This bridge could have been preserved. At the very least, the continuous trusses, which are the most significant component of the bridge, should have been preserved in some manner. Firstly, it is not clear what a wider replacement bridge will offer in terms of increased function. The historic bridge is the busiest two lane bridge in Oregon, and it was noted that there were few bridges over the river in this area. However, a wider replacement bridge will still feed into Tacoma Street, which only has two lanes, a left turn lane, and only one side of the street for parking. Houses on this stretch of road are very close to the road. Unless the city plans to demolish half the homes on Tacoma Street, even a 16 lane bridge will still be forced into a two lane road. Therefore, a wider bridge will change little. Moreover, replacing an existing bridge does not add much capacity. It was noted that there are few bridges in this area. Building a bridge in a completely different location in this region might have been a way to increase regional capacity, reduce traffic (and reduce wear and tear on the historic bridge) and add redundancy... if one bridge had to be closed, the second bridge would still be available.
The trusses were observed to have little evidence of widespread deterioration and section loss. Any deterioration would have been easy to repair. Even if officials were convinced that a new bridge was needed, the historic truss spans could have been preserved next to the replacement bridge for non-motorized traffic. The fact that the trusses were moved during construction demonstrates that this was possible! After the new bridge was built, new pedestrian ramps could be built up to the trusses, and the bridge could be used as a pedestrian bridge and linear park. It is unfortunate that creative preservation solutions that would have retained a historic bridge and improved the quality of life and tourism potential of the area were rejected. Creativity is the key to preservation, and in this case it shouldn't have been a very far fetched thought to see a win-win scenario of preserving the truss bridge for pedestrians next to its replacement.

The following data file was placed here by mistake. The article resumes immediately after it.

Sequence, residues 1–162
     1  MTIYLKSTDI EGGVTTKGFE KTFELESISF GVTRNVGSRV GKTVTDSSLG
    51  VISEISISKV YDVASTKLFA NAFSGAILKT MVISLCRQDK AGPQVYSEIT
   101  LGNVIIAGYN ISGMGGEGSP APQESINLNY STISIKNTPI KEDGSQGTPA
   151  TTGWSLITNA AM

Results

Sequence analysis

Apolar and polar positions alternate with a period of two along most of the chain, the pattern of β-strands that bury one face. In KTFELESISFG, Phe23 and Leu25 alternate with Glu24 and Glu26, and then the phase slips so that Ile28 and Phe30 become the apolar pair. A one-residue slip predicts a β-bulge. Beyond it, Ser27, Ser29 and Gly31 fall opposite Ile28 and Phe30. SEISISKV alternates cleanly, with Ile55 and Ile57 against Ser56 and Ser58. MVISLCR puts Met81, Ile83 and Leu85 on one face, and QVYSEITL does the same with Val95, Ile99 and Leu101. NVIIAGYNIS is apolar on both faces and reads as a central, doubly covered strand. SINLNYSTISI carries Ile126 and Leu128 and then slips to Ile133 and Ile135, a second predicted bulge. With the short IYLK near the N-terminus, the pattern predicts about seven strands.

By the time HistoricBridges.org photographed the bridge, construction of the replacement bridge was well underway. As part of the construction, the truss spans had been moved onto temporary piers next to the construction site where the trusses were serving as a temporary construction crossing. Most of the original eastern approach spans remained in place in their original location, and were connected by an all-new curved section of bridge that connected the eastern approach spans to the temporary location of the truss spans. Also, at the time HistoricBridges.org visited the bridge, the original truss piers had not yet been demolished, and remained standing. That being the case, the photo collection of overview and detail photos is comprehensive in that it offers coverage of all the significant parts of the bridge, just with the truss bridges in the temporary location.
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This historic bridge has been demolished. This map is shown for reference purposes only.